Will Texas homeowners’ 2019 property tax bills be higher or lower than they were last year? That depends largely on their local elected officials.
Property owners pay taxes to several local government entities, including their county, city (if they live within one), and school district. They may also be taxed by college, hospital, utility, and other special purpose districts.
Each taxing entity sets its own separate tax rate, which is applied to the appraised value of the property less any exemptions offered. An individual’s property tax bill is the sum of all those taxes.
Since tax rates are set each fall after appraisals are made, the city, county, school, and other officials who set the tax rates control how much taxpayers will pay. They also control local spending and debt, which are the drivers behind higher property tax bills.
Setting the same tax rate as last year is meaningless because it doesn’t account for changing property values. Unless local officials reduce tax rates as property values rise, taxpayers will pay a higher property tax bill than in the previous year.
Officials who want to keep property tax bills from going up can choose the “effective” tax rate—also called the “no-new-revenue” rate because it collects the same amount of money overall from the same properties taxed the previous year, residential and commercial. (Growth generates additional tax revenue from new properties.) The effective rate adjusts as property values change to keep tax bills roughly the same, in the aggregate, though individual results vary based on valuations and exemptions.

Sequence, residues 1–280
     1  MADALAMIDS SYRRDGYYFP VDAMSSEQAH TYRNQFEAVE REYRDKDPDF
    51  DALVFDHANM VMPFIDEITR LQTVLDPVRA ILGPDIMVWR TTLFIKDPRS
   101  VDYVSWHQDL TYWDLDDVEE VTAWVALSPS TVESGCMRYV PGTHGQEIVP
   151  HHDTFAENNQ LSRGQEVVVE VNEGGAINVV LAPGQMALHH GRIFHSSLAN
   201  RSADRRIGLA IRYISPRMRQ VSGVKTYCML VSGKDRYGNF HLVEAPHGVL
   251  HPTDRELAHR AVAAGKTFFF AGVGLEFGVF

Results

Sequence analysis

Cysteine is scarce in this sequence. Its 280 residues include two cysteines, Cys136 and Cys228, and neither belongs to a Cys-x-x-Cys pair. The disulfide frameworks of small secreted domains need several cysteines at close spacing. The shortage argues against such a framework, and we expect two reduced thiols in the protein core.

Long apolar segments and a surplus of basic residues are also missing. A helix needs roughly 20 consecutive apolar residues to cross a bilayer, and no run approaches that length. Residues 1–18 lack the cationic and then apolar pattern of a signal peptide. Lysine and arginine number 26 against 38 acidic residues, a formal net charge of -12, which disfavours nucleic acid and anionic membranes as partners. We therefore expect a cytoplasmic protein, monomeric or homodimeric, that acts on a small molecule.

Most local Texas officials adopted 2019 tax rates above the effective rate, meaning taxpayers will see higher property tax bills on average. How much higher?
Property tax reform passed by the Texas Legislature this year doesn’t take effect until January, leaving officials one last chance to raise taxes up to 8 percent without voter approval—a loophole several cities and counties are taking advantage of, though others chose smaller tax increases this year.
Starting in 2020, Senate Bill 2 will limit counties and cities with over 30,000 residents to 3.5 percent tax revenue increases without voter approval. School districts will be limited to 2.5 percent increases. Those increases exclude revenue collected from new properties added to the tax rolls and property taxes collected to repay debt.
By far the biggest portion of any property tax bill is the school tax—usually around 60 percent of homeowners’ total tax tab. School districts were forced to lower their tax rates for 2019 as part of education funding reform passed this year in House Bill 3.
The amount of rate “compression” or reduction depends on the district but averages 8 cents per $100 valuation, according to the Texas Education Agency. That would take $240 off the tax bill of a home valued at $300,000. School districts won’t be losing money, though; the state will more than make up for districts’ reduced property tax revenue, allowing schools to spend more than ever before.
Spending drives all taxes. To keep Texans’ property tax bills from growing ever higher, local officials must not only lower tax rates to offset rising property values, they must keep local spending under control.
Texas Scorecard will be reporting on budgets and tax rates adopted by local officials around the state so Texas taxpayers can see who is, and isn’t, working to keep their property tax bills in check.